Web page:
Europe kept up the pressure on Greece to push forward with a painful austerity programme on Wednesday after the government jumped a crucial hurdle in averting the euro zone's first debt default.
With thousands of demonstrators chanting insults outside, the government of Prime Minister George Papandreou survived a confidence vote early on Wednesday and was due later in the day to approve new belt-tightening measures needed to free up more loans and avoid bankruptcy.
There was wide relief at the successful confidence vote but European leaders clearly want to keep the government's feet to the fire in the more difficult next stage — implementing reforms rejected by many of the population. "There is no alternative. We have a plan, now it's time to act on it, it's time to implement it. There is no alternative. There is no Plan B," European Commission spokeswoman Pia Ahrenkilde-Hansen told a news conference.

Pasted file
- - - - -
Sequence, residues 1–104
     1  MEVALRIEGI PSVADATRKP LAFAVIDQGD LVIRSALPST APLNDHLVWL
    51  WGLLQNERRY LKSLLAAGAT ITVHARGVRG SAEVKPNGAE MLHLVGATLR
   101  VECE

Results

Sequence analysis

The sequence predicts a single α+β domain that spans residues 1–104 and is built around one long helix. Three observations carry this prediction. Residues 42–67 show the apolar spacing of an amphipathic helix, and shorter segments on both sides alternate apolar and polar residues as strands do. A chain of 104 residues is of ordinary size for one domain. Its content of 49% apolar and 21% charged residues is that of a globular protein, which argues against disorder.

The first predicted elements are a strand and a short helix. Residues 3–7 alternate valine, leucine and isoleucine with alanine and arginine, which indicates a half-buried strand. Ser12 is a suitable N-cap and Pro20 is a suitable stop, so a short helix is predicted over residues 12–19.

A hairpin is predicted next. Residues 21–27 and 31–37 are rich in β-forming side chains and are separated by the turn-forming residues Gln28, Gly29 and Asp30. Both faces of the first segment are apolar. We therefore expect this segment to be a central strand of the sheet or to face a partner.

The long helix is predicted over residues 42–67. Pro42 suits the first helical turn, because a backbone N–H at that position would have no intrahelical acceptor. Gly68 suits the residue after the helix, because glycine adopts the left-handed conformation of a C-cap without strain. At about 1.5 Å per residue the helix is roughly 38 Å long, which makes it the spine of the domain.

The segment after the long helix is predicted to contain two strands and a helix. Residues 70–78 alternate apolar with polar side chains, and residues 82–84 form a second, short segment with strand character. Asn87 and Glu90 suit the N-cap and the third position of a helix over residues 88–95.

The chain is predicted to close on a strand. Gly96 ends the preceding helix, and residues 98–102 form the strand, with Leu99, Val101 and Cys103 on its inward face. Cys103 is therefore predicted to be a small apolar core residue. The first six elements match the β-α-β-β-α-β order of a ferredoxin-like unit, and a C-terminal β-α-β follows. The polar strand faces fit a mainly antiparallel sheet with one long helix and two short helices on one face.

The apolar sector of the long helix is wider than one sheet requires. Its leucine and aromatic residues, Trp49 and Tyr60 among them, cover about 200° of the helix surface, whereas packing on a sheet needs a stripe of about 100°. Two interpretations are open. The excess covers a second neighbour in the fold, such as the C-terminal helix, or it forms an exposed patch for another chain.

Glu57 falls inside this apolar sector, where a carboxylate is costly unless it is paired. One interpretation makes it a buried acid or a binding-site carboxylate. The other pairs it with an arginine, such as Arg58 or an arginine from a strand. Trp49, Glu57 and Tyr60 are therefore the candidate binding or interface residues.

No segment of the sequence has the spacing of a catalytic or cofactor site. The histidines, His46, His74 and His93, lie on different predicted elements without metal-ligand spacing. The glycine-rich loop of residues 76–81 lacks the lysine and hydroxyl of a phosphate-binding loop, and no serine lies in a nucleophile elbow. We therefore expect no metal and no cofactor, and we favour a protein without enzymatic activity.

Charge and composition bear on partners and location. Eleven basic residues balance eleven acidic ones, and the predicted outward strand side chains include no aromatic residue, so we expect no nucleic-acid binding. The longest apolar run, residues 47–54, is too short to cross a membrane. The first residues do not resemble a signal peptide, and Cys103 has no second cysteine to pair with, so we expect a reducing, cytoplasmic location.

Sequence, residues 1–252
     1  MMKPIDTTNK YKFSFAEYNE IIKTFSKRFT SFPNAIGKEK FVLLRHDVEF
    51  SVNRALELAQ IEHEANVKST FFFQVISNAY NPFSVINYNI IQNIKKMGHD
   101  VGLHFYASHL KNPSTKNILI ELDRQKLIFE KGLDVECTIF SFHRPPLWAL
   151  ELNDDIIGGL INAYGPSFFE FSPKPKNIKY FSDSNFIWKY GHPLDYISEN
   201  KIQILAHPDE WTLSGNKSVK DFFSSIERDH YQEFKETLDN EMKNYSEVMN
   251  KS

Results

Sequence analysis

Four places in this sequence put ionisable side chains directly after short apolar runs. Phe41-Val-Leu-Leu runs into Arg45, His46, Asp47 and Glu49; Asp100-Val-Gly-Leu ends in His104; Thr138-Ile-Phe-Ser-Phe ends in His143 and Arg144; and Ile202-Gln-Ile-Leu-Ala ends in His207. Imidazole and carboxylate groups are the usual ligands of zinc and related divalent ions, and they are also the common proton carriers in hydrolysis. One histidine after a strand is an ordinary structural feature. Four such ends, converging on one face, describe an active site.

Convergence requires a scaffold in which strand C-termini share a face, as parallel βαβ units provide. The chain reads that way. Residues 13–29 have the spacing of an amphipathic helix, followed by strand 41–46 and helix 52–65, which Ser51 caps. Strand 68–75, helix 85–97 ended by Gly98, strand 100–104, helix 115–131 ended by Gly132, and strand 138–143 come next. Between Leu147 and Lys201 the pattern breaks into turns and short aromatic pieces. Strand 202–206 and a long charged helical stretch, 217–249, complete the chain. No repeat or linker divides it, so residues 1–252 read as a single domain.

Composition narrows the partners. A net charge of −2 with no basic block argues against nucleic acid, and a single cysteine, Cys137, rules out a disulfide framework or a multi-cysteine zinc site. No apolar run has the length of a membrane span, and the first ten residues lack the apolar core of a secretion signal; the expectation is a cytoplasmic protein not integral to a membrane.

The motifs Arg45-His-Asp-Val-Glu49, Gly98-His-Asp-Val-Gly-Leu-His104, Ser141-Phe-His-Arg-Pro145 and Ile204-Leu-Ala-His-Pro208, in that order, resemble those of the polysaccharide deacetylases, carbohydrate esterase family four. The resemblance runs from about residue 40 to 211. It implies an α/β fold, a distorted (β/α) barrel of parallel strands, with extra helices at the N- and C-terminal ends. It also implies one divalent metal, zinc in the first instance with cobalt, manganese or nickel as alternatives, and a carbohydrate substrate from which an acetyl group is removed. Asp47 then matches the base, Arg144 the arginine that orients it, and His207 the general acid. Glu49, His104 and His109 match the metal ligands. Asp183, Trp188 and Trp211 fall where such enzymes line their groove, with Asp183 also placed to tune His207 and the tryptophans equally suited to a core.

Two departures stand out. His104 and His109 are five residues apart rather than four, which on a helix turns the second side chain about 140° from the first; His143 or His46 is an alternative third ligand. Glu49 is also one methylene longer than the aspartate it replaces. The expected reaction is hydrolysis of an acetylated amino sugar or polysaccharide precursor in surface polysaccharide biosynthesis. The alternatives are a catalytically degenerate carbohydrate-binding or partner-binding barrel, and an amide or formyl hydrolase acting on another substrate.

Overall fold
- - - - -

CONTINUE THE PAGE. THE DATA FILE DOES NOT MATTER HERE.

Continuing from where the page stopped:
Chancellor Angela Merkel, leader of EU paymaster Germany, said Greece must more aggressively privatise state-run firms and boost tax revenues. She said the confidence vote was an important step but Greece must now push through the reforms.
French government spokesman Francois Baroin said: "We will not accept any payment incident, or default."
Papandreou aims to get parliamentary approval for a package of spending cuts, tax hikes and state asset sales by June 28 and implement it by July 3 to secure 12 billion euros ($17 billion) in aid that is vital to avoid immediate bankruptcy.